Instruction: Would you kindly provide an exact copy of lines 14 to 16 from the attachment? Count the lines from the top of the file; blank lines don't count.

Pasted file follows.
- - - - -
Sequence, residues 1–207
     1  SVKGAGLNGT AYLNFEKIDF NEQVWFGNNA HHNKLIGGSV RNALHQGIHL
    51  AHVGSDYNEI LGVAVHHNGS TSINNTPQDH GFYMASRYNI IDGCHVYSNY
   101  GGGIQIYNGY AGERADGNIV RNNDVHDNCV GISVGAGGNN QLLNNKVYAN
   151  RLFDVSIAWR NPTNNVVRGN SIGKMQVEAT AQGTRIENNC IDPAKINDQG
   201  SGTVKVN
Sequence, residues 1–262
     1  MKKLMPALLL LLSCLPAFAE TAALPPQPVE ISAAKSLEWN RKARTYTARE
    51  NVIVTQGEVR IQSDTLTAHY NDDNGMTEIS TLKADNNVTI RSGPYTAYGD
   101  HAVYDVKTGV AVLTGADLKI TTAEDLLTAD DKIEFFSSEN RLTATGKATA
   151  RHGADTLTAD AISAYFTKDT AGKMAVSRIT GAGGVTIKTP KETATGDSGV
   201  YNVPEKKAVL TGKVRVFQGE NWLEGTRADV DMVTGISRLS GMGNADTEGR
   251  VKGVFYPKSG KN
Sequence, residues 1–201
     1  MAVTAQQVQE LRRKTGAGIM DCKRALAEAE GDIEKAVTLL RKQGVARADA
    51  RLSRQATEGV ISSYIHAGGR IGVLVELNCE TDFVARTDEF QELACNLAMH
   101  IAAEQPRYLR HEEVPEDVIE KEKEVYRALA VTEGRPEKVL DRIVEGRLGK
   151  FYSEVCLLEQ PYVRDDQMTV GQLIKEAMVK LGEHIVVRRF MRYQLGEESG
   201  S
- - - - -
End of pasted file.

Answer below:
Sequence, residues 1–201
     1  MAVTAQQVQE LRRKTGAGIM DCKRALAEAE GDIEKAVTLL RKQGVARADA
    51  RLSRQATEGV ISSYIHAGGR IGVLVELNCE TDFVARTDEF QELACNLAMH